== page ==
Projects and/or services that are eligible for Safe and Affordable Drinking Water Funds must address: 1) existing or potential water quality compliance issues; 2) Technical, Managerial, or Financial capacity deficiencies that prevent a system from sustainably providing safe and affordable drinking water; and 3) improvements to public water systems, community water systems, state small water systems and domestic wells that are in violation or considered at-risk.https://www.waterboards.ca.gov/safer/
|Strategic Growth Council's Technical Assistance Program||No Due Date Given||Varies||
The program provides application assistance, partnership development and capacity building activities for eligible California Climate Investments applicants and is administered by the Strategic Growth Council to create more equitable opportunities by helping under-resourced applicants access funding.
The California Climate Investments Technical Assistance Program supports communities in applying to the California Climate Investments (CCI) funding programs. Created in 2016, the program aims to level the playing field for applicants that may lack the capacity to successfully access these funds, particularly those in that live in the state’s most disadvantaged communities. The Strategic Growth Council (SGC) works alongside a number of State agencies that implement CCI programs to provide application assistance, partnership development and capacity building activities to eligible applicants, enabling them to positively impact their communities.
Each California Climate Investments program has its own set of goals and intended outcomes, meaning specific technical expertise is often required. In order to provide assistance that is tailored to each program, the SGC has divided resources amongst many of the agencies that administer programs. In many cases, technical assistance is provided through a partnership between state agencies and outside organizations with expertise in each program’s focus. A description of each of the participating CCI programs is listed below.http://sgc.ca.gov/programs/tech/resources/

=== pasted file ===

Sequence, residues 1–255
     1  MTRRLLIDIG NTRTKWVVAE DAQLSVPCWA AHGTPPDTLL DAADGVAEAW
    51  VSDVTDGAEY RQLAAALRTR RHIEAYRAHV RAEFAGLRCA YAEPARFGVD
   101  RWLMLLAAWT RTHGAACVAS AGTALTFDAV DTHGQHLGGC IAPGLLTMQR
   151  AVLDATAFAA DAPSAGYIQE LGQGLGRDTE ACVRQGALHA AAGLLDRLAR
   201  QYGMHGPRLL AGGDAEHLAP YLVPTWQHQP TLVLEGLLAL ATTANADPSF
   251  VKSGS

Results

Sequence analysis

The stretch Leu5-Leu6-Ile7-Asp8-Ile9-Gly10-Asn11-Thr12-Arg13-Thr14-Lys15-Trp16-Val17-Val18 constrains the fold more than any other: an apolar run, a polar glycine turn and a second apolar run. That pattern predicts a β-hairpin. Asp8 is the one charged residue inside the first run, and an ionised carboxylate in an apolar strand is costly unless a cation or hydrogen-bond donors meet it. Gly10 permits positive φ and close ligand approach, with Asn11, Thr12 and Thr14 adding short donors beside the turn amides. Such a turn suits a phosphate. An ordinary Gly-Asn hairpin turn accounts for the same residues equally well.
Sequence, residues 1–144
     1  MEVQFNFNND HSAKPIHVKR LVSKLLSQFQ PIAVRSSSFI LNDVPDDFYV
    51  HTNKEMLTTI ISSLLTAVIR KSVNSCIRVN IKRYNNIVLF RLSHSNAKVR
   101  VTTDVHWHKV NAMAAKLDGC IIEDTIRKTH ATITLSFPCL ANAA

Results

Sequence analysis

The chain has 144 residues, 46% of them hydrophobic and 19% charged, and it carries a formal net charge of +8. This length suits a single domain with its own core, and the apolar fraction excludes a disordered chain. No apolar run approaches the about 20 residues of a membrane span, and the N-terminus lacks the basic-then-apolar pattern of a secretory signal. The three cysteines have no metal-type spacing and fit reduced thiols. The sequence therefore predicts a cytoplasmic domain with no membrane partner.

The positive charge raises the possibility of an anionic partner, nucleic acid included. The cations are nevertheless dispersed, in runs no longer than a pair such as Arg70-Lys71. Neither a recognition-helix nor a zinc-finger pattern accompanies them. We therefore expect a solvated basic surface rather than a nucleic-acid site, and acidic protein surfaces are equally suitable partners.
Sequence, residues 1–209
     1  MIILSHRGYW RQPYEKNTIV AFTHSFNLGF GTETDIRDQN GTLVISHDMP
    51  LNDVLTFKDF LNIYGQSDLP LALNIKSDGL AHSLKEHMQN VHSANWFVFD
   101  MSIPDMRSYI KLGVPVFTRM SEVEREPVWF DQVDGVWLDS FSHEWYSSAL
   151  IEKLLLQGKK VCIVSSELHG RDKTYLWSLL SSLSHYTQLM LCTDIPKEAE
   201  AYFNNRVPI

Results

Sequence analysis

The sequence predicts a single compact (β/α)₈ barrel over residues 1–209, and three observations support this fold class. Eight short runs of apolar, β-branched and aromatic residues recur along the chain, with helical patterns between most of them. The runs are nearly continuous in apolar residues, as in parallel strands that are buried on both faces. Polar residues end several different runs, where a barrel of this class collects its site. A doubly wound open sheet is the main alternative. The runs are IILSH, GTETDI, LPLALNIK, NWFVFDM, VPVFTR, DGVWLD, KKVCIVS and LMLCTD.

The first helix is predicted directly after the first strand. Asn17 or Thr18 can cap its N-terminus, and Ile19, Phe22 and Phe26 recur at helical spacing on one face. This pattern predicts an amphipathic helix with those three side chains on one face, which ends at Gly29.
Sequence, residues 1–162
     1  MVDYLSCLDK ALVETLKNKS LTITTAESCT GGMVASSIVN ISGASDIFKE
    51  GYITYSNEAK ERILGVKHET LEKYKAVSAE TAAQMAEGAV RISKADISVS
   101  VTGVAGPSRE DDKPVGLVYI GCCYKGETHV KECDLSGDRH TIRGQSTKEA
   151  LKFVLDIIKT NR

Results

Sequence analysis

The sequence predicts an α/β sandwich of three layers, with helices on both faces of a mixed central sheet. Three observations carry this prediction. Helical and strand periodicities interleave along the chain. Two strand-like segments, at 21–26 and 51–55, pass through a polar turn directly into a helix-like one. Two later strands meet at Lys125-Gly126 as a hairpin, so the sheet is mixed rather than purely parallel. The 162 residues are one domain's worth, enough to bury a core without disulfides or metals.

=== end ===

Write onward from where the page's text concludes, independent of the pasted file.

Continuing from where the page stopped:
|Sustainable Agricultural Lands Conservation||Varies||
The Sustainable Agricultural Lands Conservation (SALC) Program fights climate change by protecting our productive farmlands and encouraging compact transit-oriented communities.
The SALC Program utilizes Cap-and-Trade proceeds to protect agricultural lands on the outskirts of cities and near residential neighborhoods from development. The SALC program simultaneously supports California’s food security and encourages infill development and low-carbon transportation to curb sprawl. Urban sprawl not only increases greenhouse gas emissions and air pollution, as people have to drive further to get where they need to go, but also encroaches on agricultural lands that both store carbon and sustain our economy.https://www.conservation.ca.gov/dlrp/grant-programs/SALCP/Pages/Application%20Information.aspx